Compete on something other than price? Harness word-of-mouth to increase conversion and organic search traffic? Integrate your print catalog more directly into your digital commerce strategy? If you think there are no new answers to these digital commerce questions, just remember that innovation is a hallmark of the retail industry.
If you attended the Shop.org “Next Generation of Digital Retail Technology” First Look session at Retail’s BIG Show this year, you got the scoop on three companies that are tackling these online retail fundamentals in new ways. Moderated by retail veterans Bryon Colby of Cornerstone Brands and Kevin Ertell of Sur La Table, the ideas discussed were so thought-provoking we decided we had to share some highlights with the Shop.org community at large.
Making the print catalog digital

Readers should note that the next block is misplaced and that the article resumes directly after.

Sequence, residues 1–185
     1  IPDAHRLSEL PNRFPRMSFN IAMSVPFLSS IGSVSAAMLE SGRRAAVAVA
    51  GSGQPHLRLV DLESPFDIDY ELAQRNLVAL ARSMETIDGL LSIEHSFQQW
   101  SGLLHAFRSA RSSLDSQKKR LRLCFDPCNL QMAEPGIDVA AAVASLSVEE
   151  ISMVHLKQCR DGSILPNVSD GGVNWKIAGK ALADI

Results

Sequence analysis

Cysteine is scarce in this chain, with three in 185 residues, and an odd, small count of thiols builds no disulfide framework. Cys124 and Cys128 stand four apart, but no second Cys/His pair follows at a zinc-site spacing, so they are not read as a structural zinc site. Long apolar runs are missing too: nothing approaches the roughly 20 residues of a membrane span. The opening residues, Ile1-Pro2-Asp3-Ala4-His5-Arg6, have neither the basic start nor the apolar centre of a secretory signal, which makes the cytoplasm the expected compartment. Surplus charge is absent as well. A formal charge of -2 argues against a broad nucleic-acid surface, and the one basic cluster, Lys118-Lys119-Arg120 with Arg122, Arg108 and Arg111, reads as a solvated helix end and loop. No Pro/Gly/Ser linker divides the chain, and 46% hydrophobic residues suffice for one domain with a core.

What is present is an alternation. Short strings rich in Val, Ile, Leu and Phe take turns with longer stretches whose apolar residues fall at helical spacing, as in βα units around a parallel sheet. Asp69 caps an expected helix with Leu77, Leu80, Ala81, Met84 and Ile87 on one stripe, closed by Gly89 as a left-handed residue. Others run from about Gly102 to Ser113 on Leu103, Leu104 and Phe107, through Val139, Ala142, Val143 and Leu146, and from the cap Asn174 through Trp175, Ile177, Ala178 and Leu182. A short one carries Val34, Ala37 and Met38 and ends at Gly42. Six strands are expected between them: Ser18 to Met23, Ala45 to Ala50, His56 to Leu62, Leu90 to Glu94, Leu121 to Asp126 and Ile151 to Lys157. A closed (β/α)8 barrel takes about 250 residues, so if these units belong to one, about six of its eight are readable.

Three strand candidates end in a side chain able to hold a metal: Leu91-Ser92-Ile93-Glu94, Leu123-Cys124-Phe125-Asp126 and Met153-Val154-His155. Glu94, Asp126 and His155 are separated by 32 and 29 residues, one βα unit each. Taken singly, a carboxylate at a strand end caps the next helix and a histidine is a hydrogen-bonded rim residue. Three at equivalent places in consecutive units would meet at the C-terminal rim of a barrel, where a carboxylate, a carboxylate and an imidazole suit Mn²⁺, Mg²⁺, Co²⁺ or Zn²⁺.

“We’re still shipping 22 billion print catalogs in the U.S. every year, we have 100 million active catalog shoppers in the U.S, and – perhaps most importantly – 80 percent of transactions still start with print,” said Marxent Labs CEO Beck Besecker said, citing Direct Marketing Association data. But why are U.S. consumers still flooded with print catalogs? Retailers understand that they are one of the most time-tested conduits to tell a deep story about the brand. And pulling back from a catalog – whether in the number of mailings, pages or otherwise – can lead to drops in sales. “The question becomes: If digital isn’t a replacement for print, what’s the right strategy to bridge the divide?” he asked. Retailers have certainly experimented with QR codes, but Besecker said “peppering our catalog with hundreds of QR codes isn’t really the user experience that we’re looking for.”